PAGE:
Sparta ATC hosts football camp |

Sparta ATC hosts football camp

Thomas Ranson
Coaches from Sparta ATC speak to their Mind of a Champion football camp participants this week at the Edward Arciniega Athletic Complex.
Courtesy Alisha Hill

After seeing his dream of competing in the NFL cut short, Brandon Sanders found a new purpose in his young career.

Sanders ruptured a disc in his neck while playing college football, ending his chance of playing on Sundays in the fall. But during the recovery process, Sanders developed the strength and mentality to overcome adversity of that injury, now at the forefront of his business, Sparta Athletic Training Center, which hosted a three-day football camp at Churchill County High School this week.

“The recovery process for me ultimately developed who I was,” said Sanders, who played at Ole Miss and Nicholls State. “It was more so overcoming that injury and moving forward in life. Ultimately, I realized with my experience playing college football and competing at the levels I competed at down to my injury, at that point it takes a certain mentality to overcome adversity, which we will all face. Not just in football but the game of life.”

Sanders moved to Fallon four years ago when his wife was transferred to NAS Fallon. Since then, the pair fell in love with the town and Sanders has been helping Fallon’s youth become better athletes and people.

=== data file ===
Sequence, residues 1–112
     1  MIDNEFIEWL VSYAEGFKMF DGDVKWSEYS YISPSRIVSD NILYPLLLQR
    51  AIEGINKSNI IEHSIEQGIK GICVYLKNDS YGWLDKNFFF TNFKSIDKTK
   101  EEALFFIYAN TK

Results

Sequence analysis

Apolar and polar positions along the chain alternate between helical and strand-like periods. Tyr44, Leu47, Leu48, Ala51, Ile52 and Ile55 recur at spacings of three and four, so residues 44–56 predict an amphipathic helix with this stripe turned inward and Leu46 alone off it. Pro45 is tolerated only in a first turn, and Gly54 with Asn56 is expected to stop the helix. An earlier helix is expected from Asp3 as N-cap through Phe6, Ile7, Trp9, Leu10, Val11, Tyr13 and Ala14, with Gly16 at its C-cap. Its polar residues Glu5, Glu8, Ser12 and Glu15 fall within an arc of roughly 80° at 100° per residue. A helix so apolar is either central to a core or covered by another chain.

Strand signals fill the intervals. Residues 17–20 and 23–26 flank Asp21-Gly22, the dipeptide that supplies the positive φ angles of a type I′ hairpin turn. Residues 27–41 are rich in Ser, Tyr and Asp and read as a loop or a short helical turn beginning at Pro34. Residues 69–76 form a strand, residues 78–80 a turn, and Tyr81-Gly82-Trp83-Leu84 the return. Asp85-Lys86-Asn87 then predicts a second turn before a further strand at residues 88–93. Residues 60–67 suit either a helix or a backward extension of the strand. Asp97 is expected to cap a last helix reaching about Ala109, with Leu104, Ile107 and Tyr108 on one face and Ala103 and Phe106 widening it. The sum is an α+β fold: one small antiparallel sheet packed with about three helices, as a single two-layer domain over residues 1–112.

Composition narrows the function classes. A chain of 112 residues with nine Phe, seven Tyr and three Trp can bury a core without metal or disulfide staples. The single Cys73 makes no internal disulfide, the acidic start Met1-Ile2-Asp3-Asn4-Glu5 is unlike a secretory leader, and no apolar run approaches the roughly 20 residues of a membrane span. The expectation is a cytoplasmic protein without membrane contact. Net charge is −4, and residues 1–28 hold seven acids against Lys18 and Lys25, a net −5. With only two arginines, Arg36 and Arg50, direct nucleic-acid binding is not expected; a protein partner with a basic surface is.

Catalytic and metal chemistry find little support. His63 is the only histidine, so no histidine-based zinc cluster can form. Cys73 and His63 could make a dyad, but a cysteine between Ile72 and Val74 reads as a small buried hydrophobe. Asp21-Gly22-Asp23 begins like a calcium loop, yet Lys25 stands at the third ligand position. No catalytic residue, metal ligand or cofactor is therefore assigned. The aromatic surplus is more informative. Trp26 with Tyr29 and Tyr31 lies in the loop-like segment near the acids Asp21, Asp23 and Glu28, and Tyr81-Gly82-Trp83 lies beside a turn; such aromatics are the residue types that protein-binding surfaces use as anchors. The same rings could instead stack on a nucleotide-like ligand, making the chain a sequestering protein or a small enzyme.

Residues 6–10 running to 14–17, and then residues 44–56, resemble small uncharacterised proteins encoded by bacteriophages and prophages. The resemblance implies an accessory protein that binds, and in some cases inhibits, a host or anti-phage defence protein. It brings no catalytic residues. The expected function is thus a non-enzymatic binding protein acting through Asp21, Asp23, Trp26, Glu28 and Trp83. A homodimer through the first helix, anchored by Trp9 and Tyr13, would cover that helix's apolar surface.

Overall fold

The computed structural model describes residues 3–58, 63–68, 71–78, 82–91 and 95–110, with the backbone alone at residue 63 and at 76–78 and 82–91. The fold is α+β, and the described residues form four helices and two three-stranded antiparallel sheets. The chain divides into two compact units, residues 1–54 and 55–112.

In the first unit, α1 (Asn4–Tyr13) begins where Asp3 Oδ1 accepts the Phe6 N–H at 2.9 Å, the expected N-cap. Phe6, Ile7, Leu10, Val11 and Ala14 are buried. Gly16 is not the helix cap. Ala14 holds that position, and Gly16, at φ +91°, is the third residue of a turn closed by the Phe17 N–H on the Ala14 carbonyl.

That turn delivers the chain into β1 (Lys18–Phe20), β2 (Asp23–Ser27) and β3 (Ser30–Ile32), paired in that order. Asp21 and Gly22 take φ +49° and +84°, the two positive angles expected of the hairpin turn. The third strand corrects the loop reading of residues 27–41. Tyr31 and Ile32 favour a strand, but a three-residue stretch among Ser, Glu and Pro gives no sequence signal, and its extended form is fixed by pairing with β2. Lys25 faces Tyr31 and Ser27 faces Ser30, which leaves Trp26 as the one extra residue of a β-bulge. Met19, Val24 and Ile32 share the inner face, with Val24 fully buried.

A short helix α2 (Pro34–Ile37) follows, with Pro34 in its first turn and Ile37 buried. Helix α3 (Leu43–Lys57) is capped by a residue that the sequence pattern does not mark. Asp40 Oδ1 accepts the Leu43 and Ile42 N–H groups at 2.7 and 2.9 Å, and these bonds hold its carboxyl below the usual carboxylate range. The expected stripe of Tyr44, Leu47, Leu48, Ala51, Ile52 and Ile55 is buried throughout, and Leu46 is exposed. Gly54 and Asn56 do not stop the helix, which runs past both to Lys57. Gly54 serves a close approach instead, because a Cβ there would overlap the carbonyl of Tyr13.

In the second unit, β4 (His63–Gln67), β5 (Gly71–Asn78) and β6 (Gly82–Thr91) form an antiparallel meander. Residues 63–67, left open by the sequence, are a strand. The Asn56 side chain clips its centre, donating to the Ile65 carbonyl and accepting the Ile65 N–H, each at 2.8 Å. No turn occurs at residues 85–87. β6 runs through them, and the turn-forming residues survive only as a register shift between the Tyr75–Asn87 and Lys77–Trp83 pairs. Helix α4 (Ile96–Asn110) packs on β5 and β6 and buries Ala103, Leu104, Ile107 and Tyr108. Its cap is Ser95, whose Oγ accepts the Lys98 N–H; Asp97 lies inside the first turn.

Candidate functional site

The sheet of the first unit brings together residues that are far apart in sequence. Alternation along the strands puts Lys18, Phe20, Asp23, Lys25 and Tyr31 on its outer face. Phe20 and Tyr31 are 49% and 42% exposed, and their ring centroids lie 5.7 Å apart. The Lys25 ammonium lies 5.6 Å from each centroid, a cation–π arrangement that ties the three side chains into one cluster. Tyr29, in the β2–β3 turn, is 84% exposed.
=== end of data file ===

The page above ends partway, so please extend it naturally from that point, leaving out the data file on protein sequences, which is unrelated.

“They’re all real high-quality character guys. That’s first and foremost,” Fallon football coach Brooke Hill said of Sanders and his camp staff. “They’re football coaches but real high-quality guys. They challenged our kids. Our kids were real responsive to it. It was something they really responded well to being challenged.”

The camp, which carried the mantra of “Mind of a Champion,” ran for three days with competitions and drills. Between 50 and 60, ages 13-18, participated in the camp – including about half of Hill’s football program.

“Really focusing on what it takes to be a competitive football player but how these things translate in life, too,” Hill said of the program’s message. “Even though it was a football camp, it was about these kids in becoming men.”

After being involved with other camps, this week’s program was the first time Sanders was in charge. He couldn’t be any more pleased with the results, which saw a transformation from the first to last day.

“We were able to talk to the kids a little bit about life and the game of football,” he said. “From Day 1 to Day 3, you could literally see a difference in them.”

And the camp came at a perfect time for Hill. The Greenwave football team opens its summer camp on Monday at 4 p.m. at the high school.